September 9th 2014 – Day 6
Ayegui to Torres del Rio, 28km
During dinner the evening before, we agreed to keep staying away from the towns recommended by Brierley to finish your day. The next end town was Los Arcos and after that was Torres del Rio, at further 10km. So the plan was to aim for Torres del Rio, which is in or around 30km if you take ascents into account. I also started to notice that the majority of people were phoning ahead an pre-booking albergues for the next day, which I avoid doing. I kinda prefer to let the Camino do it’s work and if an albergue is booked out, I move on to the next, however, I didn’t want to loose my buddies I had met and asked that I be included in the booking in Torres del Rio. That was that..the first time I booked an albergue in advance..felt kinda strange!
That morning, we (Dave, myself and Anna) started out early, as it was going to be a hot sunny day again in Navarre. It was pitch black and I believe it was close to 5am. Easily a record for earliest start in my books! Walking out of Ayegui, you need to venture to the main road and again, you need to be careful as failure to spot a sign means you are lost. And guess what!? We missed a sign! Hmm..we turned back until we saw the sign for the turn off to “Bodegas Irache”, the free flowing wine fountain. I heard about this place ages ago, almost on the same day I heard about the actual Camino. Imagine waking up, being still asleep and before having breakfast, sipping on free wine. Nice, eh? It was 5.30am, we sure were the first ones there that morning. Pity I hadn’t an extra bottle, I would have filled it up for the rest of the day.
We moved on after a while through wooded forests, plenty of trees and it wasn’t long before the climb to Villamayor de Monjardin began. We had a 150m climb ahead of us over a few kms. We have walked worse however. The sun was starting to gradually rise as we were climbing. There wasn’t a cloud in the young sky. We reached Villamayor before 7am after a nice climb, it’s large church greeted us. There was nothing open when we arrived and we looked right through the town hoping that a cafe or an albergue was serving breakfast. It wasn’t to be. Damn! Now we had a nice 10km stretch ahead of us to Los Arcos with no towns. I have walked longer without food, but it is breakfast..c’mon! 🙂 Brierley even mentions “Take food with you during this difficult section!!”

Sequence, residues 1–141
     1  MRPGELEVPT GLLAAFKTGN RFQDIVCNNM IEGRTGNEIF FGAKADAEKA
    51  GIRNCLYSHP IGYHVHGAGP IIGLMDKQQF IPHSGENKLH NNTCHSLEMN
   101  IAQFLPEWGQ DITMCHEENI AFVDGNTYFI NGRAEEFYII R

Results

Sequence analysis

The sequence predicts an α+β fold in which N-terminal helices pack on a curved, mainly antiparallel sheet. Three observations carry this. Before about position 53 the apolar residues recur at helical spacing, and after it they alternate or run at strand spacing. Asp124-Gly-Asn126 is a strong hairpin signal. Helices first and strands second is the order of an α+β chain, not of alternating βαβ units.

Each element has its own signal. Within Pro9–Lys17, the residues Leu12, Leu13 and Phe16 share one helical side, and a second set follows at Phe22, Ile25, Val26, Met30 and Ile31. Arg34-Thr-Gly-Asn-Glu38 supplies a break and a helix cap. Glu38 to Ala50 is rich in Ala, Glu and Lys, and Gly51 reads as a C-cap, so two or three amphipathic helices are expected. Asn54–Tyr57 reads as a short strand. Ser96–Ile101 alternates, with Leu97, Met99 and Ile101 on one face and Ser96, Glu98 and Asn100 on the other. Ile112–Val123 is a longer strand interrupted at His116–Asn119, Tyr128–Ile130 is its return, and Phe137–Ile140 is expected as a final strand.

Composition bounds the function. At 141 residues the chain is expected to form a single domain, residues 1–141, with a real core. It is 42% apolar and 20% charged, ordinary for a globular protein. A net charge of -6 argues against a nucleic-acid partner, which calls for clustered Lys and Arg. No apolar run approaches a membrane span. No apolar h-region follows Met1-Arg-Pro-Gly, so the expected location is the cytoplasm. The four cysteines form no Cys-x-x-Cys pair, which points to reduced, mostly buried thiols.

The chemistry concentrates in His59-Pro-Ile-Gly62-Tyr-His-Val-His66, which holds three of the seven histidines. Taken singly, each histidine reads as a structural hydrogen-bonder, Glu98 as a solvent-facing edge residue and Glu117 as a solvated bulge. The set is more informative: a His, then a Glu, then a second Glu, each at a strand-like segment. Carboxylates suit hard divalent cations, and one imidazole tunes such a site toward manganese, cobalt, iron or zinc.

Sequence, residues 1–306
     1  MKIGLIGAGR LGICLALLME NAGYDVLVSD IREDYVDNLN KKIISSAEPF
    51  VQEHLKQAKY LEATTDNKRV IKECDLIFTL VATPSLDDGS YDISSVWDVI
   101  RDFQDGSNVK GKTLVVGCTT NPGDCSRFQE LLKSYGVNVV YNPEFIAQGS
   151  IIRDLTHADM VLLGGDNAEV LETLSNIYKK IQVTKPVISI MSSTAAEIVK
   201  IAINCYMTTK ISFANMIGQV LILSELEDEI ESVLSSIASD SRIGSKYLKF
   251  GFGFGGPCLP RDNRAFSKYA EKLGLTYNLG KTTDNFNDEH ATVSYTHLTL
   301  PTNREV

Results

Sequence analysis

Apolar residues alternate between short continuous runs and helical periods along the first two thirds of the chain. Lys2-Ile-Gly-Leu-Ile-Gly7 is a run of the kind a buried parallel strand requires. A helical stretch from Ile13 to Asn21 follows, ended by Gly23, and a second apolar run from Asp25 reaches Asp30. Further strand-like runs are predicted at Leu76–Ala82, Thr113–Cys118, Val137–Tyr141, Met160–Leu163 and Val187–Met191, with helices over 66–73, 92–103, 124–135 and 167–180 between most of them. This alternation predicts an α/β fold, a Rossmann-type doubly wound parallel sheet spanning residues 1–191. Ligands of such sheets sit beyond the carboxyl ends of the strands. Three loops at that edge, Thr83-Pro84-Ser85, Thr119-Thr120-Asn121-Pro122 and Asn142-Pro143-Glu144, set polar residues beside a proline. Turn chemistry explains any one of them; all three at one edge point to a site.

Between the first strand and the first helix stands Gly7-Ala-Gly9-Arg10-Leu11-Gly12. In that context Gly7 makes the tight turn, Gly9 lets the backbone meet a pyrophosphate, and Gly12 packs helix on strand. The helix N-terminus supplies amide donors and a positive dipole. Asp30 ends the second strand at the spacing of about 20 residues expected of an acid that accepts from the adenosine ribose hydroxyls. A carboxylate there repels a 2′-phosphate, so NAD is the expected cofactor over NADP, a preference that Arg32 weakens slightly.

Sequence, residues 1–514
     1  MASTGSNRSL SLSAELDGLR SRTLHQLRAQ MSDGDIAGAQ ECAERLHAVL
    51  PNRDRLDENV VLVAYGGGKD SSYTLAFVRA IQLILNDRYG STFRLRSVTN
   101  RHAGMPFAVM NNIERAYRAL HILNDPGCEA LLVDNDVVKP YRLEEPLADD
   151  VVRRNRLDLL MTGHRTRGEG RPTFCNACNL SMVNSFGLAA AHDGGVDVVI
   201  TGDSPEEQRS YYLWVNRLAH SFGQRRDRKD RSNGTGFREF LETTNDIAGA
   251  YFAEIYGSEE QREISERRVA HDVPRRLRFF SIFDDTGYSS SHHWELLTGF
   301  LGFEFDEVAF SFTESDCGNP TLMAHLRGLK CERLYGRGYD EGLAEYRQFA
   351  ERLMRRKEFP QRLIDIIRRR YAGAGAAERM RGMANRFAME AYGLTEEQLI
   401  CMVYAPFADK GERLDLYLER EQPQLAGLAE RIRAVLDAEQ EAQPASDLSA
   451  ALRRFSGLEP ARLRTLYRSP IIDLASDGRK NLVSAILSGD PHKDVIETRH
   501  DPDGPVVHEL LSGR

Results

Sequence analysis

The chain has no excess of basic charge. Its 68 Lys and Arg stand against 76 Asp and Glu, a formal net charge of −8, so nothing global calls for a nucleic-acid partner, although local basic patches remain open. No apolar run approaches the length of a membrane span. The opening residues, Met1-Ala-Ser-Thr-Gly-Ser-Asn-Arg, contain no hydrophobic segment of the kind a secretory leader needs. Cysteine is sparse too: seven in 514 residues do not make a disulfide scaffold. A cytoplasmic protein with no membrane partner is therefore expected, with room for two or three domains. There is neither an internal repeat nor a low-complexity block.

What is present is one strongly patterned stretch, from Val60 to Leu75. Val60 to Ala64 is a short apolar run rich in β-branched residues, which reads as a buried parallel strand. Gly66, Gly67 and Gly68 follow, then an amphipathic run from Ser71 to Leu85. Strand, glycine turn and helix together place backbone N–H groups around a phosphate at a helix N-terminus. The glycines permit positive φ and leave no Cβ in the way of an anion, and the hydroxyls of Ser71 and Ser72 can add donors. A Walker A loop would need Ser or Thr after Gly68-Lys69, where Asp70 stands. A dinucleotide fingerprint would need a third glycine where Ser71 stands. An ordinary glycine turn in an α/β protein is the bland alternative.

Walking from Villamayor is all downhill for 6km or so and then the terrain becomes flat. We walk through field after field of vineyards. Nothing else. We passed owners looking after their crop, with the sun looking down on us. We pass a Spanish man beside his van, who was either opening up or closing down. After a quick conversation, we found out he was closing his mobile cafe. A highlight of the day came on the stretch leading to Los Arcos. Myself and Dave were talking for quite a while and didn’t notice Anna in the background. She ran up to us with large branch each of grapes from the fields. A great though and it quenched the thirst until Los Arcos.
We arrived into Los Arcos close to 11am and we went straight for the local cafe. There were two there. I bought a roll and a cafe con leche and took my shoes off. I honestly wanted to finish up there, but purely because it was so warm. We had another 8km to go before we reached Torres del Rio. We came across our German friends, whom we hadn’t seen in a few days and I met another Irish friend that I last saw in Roncesvalles. Local men were playing cards in the main square as the bells chimed for 11am in the Church of Santa Maria. I didn’t visit the church unfortunately. I hope to stay here the next time I visit. I remember thinking to myself that we were so far ahead of anyone at this stage that there was no need to book the albergue in Torres. Ugh..I hate races!
The next 8km was mostly flat but this was broken by a steep climb into Sansol, a small town before Torres del Rio. I often wonder who gave the go ahead to build these towns so close to each other. On reaching Sansol, you turn a corner and you reach Torres del Rio. It is a fab town, it’s main attraction is the sepulcher church. It was quiet, and as it was after midday, it was reaching the start of it’s siesta. I needed one after that day. We checked in, got the clothes washed and had some lunch. Anna was super-thoughtful again and bought a melon in Los Arcos. We along with the other folks staying in Casa Mariela ate it all, with help from 2 cats. There was a good crowd staying here, alot of people we hadn’t met before, including 2 English men. They were great fun. Phillipe found us also, along with Bob and Leslie. The other two private albergues were booked solid by 3pm so it was turning out to be a busy September! We went for dinner later on that evening and I had an early night afterwards. The sun took a bit out of me but I survived. Just.